Still smarting from the controversy arising from the consecration of gay priests and bishops, the Church of England, Anglican Communion, Tuesday voted against the prospect of having women bishops in the church.
The vote came after a dozen years of controversy on the ordination of women priests and consecration of women bishops in the church.
The controversy also divided the church in Nigeria as some bishops did not see anything wrong in ordaining female priests, while other clergymen considered it an ecclesiastical sacrilege. The late Bishop Herbert Haruna of Ilorin Diocese who campaigned for the ordination of female priests had gone ahead to ordain three female priests to the chagrin of the then Archbishop of the Church of Nigeria, Abiodun Adetiloye. The latter was so crossed with Haruna that he barred him from attending the Lambert Conference in England, in November 1994.
No doubt, Tuesday's vote against the consecration of female bishops is bound to create deeper division within the rank and file of the church. Already, the Anglican Church in South Africa has dissociated itself from the decision at Westminster; and endorsed the consecration of female bishops within the church. South Africa last Tuesday became the first country to consecrate a female bishop when Archbishop Thabo Makgoba confirmed that the Anglican Church of Southern Africa had consecrated its first woman bishop on the continent. The pioneer, Bishop Ellinah Wamukoya, will serve as the church's bishop in the conservative kingdom of Swaziland.
At the General Synod of the church, which took place at the Church House, Westminster, the debate whether to have female bishops or not was put to vote among the Houses of Bishops, Clergy and Laity. The conference recorded 346 members from the three groups who attended the synod as participants. Two were absent.
After the voting session, Bishop of York, John Sentamu, announced the result. He said while the House of Bishops voted overwhelmingly for the consecration of female bishops with 44 votes, the House of Clergy voted 148 also in support.
The votes were 44 for and three against with two abstentions in the House of Bishops; 148 for and 45 against in the House of Clergy, and 74 for and 132 against in the House of Laity.
But the crack in the process came with the House of Laity voting against women bishops with 132 votes. The House of Laity is the largest element of the general synod and is made up of lay members of the church elected by its 44 dioceses.
The quest for the consecration of women bishops failed to garner the two-thirds majority votes required to make the move to succeed. "Although 74% of members voted in favour of the legislation, it was dramatically defeated by six votes in the House of Laity."
The failure of the bid for women consecration as bishops is also seen as a knock for both the outgoing Bishop of Canterbury, Most Rev. Rowan Williams, and his successor, Most Rev. Justin Welby, who is due to take over in March 2013. Both of them are avid supporters of women consecration as priests and bishops. Bishop Sentamu, a Ugandan, was supposed to be the successor of Dr Williams, being a more senior bishop in the Church of England. But the authorities of the Church of England had considered Sentamu not "diplomatic enough" a queer euphemism for discrimination to become the Archbishop of Canterbury (ABC). Both Sentamu and the retiring Williams are pained that the legislation for women bishops failed to sail through.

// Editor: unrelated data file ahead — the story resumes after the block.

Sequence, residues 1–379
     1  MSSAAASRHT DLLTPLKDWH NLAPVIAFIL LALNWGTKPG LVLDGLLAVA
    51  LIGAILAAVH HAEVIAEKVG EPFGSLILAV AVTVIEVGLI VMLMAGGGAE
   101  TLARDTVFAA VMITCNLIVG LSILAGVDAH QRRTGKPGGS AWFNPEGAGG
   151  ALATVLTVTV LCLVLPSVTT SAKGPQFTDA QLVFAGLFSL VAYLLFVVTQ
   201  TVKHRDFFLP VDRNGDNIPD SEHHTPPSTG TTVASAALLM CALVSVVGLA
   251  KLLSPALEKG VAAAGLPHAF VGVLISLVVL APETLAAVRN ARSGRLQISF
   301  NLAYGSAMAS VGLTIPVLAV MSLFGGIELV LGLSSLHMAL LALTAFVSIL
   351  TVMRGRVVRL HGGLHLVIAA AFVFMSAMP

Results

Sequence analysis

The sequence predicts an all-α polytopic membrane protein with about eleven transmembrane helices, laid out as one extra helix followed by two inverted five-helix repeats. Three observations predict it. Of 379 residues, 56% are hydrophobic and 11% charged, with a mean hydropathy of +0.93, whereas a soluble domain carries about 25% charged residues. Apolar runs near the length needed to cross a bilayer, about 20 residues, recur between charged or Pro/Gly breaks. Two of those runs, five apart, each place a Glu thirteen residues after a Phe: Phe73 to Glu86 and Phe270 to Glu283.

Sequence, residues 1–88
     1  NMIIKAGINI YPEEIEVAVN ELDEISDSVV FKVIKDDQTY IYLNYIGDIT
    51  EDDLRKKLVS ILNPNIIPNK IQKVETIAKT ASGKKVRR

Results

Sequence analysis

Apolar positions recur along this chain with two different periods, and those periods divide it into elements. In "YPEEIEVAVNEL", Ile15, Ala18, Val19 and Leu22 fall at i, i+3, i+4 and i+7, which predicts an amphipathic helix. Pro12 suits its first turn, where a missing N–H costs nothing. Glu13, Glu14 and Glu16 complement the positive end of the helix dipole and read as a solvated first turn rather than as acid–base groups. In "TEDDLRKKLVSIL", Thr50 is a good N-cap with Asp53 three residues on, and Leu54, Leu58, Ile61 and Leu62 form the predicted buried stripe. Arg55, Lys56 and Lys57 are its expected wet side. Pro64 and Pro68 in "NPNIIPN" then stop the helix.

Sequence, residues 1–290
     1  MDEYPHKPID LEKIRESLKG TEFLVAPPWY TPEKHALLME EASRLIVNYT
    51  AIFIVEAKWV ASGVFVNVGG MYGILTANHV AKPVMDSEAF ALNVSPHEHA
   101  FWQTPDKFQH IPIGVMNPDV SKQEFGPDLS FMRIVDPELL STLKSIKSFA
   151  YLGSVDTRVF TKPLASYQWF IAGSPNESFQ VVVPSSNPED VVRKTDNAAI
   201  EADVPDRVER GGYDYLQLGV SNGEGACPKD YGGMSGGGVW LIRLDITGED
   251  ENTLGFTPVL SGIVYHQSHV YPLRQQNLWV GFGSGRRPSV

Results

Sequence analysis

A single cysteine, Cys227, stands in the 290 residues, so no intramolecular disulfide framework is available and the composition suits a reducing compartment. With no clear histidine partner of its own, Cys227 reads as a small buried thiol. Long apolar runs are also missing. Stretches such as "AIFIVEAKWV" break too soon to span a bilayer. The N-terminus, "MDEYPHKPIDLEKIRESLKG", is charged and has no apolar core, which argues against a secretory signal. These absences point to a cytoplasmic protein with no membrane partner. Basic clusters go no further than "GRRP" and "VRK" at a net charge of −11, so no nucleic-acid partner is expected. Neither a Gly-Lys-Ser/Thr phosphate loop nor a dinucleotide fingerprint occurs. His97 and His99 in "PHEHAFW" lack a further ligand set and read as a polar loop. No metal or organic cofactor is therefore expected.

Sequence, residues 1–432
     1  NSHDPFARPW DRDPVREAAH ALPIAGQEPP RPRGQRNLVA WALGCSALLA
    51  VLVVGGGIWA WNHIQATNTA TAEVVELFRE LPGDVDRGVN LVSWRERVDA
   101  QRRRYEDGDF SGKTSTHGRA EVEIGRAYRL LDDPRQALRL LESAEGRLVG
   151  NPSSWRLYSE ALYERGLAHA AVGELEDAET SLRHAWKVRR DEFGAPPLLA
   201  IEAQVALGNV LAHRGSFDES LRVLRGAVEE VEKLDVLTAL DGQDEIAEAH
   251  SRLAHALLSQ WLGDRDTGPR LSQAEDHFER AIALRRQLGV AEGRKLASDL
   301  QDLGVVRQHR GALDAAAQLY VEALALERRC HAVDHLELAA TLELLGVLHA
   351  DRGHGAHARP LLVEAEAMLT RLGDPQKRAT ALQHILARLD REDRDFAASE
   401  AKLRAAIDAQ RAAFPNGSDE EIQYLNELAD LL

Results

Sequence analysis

Williams was quoted by The Guardian of London as saying that the vote was a "personal sadness".
Hear him: "We have, to put it very bluntly, a lot of explaining to do," he told the General Synod. "Whatever the motivation for voting yesterday (Tuesday), whatever the theological principle on which people acted and spoke, the fact remains that a great deal of this discussion is not intelligible to our wider society. Worse than that, it seems as if we are wilfully blind to some of the trends and priorities of that wider society."
Also, another supporter of the ordination of women as clergy, Rev. Canon Harper, was quoted to have said that, "it's quite hard not to take it personally; I think institutionalised discrimination will continue and this is very bad news for the Church of England."
The action of the General Synod of the Anglican Church is likely to appease conservative members of the church in Africa and others in the southern hemisphere who are strongly opposed to women bishops, homosexuality and to some extent, the meddlesome nature of the UK Prime Minister and the British monarch in the appointment of Bishop of Canterbury.
Early in the month, the Primate of Nigerian Anglican Church, Most Rev. Nicholas Okoh, had questioned the rationale and role of the offices of the UK PM and the Queen of England in the appointment of the head of the world Anglican Church, stating that, "the Anglican Communion should be separated from the politics of Great Britain."
But indications also emerged Wednesday that many prominent persons in the church in UK are not comfortable with the Tuesday event where the opportunity to have women bishops was overruled. Supporters of the idea warned of dire consequence if nothing was done to reverse the trend.
They also argued that allowing the ideology of few conservatives and traditionalists with strand of Anglo-Catholic roots to prevail would spell doom for the church, as the UK parliament could strip or disestablish the Church of England from the Equality Act. It is also likely to harm the church's anti-gay marriage laws in the parliament.
With its final nailing, supporters of women bishops would have to wait for another five years to re-introduce the proposal. Until then, the cracks between liberals and conservatives in the church will remain a sore point in the relationship between both camps.